Rhythms of the Cosmos – A Guest Post by Dr Andrew Fletcher

The Great North Museum: Hancock has a small but perfectly formed planetarium on the first floor. The computer-controlled system allows us to fly through the Universe, in space and in time, choosing the best viewpoint from which to investigate all kinds of wonderful phenomena. In this guest post, Dr Andrew Fletcher, one of our 2016 Great North Museum Fellows, describes a new planetarium show he is developing that should appeal to anyone with an interest in astronomy.

Everyone can see that the Sun moves across the sky and that the Moon is sometimes visible during the day and sometimes at night. Pay a bit more attention to the Moon’s position and you will notice that from one night to the next, if you look at exactly the same time, it moves with respect to the stars.  And over the course of about one month, you will observe a bright full moon slowly transition to a thin sliver of a new moon and back again.

It is also possible to track planets with just your eyes. Venus, Mars, Saturn and Jupiter can all be easily seen and if you pay extremely close attention and measure their positions over many years, you would find that they too move across the night sky, all at different speeds. And sometimes they seem to double back on themselves!

The Earth, Sun, planets, stars and galaxies are all involved in an intricate pattern of motion.

The Earth, Sun, planets, stars and galaxies are all involved in an intricate pattern of motion.

From the earliest times in human civilisation, thousands of years ago, people looked carefully at the night sky and tracked these different movements. Some of the cleverest scholars who ever lived tried their hardest to make sense of what was going on, inventing new methods of measurement and new branches of mathematics that we still use today.

The apparent orbital paths of the Sun, Venus and Mercury around the Earth, according to the system of Ptolemy (2nd Century AD), in an illustration from the 1st Edition of the Encyclopedia Britannica, 1771.

The apparent orbital paths of the Sun, Venus and Mercury around the Earth, according to the system of Ptolemy (2nd Century AD), in an illustration from the 1st Edition of the Encyclopedia Britannica, 1771.

In the end, it turned out that having the right viewpoint is the key to making sense of all of this movement in the night sky. With the correct perspective everything falls neatly into place. That’s where having a modern, sophisticated planetarium comes into its own. Seeing with your own eyes how the Earth orbits the Sun and why this causes the seasons, or how the changing positions of the Earth, Moon and Sun produce the phases of the Moon and the cycle of tides, gives a dynamic picture that books and diagrams can’t compete with.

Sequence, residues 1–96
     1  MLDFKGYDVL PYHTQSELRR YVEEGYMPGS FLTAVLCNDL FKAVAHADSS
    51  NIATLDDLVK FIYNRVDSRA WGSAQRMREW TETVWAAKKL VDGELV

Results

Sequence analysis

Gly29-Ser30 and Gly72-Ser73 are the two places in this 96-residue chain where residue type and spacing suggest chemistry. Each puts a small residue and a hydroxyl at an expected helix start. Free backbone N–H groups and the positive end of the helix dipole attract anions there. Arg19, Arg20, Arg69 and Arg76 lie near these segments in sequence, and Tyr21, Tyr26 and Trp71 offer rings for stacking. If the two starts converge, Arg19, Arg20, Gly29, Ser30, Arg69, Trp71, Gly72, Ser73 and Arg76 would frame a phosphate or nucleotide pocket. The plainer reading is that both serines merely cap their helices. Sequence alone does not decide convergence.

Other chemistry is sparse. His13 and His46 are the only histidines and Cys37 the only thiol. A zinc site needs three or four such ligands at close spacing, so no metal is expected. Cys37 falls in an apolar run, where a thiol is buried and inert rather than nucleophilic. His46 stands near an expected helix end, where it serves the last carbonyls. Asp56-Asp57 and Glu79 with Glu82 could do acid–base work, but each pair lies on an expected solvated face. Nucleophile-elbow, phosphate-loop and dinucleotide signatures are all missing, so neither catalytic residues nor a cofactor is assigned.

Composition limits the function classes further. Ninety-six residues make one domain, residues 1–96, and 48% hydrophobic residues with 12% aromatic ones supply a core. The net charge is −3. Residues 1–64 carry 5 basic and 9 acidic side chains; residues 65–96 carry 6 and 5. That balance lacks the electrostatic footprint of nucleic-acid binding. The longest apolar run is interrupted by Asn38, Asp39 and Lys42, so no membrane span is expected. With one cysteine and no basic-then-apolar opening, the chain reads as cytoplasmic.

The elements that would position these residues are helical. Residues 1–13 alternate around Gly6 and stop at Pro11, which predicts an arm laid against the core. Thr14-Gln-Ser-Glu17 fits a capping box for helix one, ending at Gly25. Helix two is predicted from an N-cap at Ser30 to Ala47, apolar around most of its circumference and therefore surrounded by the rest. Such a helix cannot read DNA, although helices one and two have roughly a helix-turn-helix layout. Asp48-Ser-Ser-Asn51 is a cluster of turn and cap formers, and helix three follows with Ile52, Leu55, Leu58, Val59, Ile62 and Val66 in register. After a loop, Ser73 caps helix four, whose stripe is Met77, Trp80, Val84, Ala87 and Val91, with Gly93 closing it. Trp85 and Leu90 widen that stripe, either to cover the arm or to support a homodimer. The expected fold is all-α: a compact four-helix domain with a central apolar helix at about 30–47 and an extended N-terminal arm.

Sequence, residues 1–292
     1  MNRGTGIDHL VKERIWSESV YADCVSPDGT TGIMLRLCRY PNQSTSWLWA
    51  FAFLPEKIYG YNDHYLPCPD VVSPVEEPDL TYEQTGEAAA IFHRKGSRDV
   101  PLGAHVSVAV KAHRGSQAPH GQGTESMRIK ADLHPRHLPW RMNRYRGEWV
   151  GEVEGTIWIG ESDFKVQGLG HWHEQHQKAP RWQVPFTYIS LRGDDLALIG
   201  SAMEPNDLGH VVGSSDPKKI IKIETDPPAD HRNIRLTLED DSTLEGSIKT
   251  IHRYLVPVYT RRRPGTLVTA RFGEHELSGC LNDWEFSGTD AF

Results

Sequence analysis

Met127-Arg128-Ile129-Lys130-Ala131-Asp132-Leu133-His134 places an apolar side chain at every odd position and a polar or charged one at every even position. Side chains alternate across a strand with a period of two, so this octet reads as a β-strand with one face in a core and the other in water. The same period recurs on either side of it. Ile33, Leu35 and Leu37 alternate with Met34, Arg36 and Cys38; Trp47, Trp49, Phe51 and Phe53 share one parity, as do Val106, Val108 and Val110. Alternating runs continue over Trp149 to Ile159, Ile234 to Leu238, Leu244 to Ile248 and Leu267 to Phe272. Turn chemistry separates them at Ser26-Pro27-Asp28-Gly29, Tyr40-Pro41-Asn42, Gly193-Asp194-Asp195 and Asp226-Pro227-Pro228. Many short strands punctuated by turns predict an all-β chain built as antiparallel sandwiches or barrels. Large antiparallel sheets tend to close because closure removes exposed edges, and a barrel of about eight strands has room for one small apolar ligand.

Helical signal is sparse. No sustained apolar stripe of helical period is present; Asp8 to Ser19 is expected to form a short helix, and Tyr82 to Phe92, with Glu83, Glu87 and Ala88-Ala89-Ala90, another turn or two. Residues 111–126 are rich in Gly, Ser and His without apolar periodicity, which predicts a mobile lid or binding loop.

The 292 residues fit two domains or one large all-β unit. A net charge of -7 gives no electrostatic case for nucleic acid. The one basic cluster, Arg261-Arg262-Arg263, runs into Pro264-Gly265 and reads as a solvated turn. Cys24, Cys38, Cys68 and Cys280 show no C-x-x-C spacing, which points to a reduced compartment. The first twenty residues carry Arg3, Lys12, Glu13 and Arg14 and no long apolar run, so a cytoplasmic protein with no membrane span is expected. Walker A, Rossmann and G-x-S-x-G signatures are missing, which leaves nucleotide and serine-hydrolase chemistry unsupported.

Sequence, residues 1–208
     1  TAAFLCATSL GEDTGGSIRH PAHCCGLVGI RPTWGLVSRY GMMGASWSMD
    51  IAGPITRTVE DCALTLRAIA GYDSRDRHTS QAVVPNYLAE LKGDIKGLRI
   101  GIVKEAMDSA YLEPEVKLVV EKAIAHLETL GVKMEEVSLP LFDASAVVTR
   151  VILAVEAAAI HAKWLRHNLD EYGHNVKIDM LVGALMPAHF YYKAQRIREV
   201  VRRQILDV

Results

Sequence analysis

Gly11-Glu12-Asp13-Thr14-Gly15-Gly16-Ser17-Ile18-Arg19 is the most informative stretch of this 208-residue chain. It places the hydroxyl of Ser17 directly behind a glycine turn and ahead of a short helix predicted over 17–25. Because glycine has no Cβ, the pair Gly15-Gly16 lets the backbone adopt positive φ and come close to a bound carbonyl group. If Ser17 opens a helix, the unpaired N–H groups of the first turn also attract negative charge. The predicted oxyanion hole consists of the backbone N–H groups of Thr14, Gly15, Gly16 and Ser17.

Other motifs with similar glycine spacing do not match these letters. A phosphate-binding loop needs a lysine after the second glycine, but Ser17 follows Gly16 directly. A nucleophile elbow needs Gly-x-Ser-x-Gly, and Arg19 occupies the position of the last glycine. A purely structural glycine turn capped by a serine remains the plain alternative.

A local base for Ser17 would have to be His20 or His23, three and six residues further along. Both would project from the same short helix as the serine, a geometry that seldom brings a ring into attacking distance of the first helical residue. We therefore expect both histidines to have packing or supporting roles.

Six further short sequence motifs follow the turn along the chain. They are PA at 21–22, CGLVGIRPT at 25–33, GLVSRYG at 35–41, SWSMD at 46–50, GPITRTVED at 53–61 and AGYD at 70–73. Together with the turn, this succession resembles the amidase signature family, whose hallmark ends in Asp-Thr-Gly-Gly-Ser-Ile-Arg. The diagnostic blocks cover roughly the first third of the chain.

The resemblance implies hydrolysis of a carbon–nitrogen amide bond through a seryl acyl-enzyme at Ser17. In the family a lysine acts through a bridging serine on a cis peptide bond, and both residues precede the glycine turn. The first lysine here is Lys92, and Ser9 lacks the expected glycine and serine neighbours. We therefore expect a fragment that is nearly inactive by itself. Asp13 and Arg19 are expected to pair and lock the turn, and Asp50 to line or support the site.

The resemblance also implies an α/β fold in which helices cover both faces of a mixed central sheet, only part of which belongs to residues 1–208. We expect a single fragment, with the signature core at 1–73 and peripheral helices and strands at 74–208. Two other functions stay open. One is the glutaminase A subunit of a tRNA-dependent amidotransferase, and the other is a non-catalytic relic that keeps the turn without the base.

The position of Mars changes between January (right) and September (left) 2016, with respect to the background constellations. The occasional retrograde (or doubling-back) motion of the planets confused astronomers for millennia. (Image credit: NASA)

The position of Mars changes between January (right) and September (left) 2016, with respect to the background constellations. The occasional retrograde (or doubling-back) motion of the planets confused astronomers for millennia. (Image credit: NASA)

Astronomers now know that everything in the Universe is moving and our understanding of planets, stars, galaxies (my field of research) and the entire Universe itself all have to take into account this motion.

I have been spending my summer mornings, before the museum opens to the public, programming a new planetarium show called ‘Rhythms of the Cosmos’ that will be premiered on Wednesday 31 August, during the museum’s Space Week. There will be shows, which will last about 20 minutes, at 10.30am, 11.30am and 12.30pm and I will be available between shows to try to answer any astronomy questions.

Dr Andrew Fletcher is a Senior Lecturer in the School of Mathematics and Statistics at Newcastle University. His research interests are in radio astronomy, galaxies and the interstellar medium.

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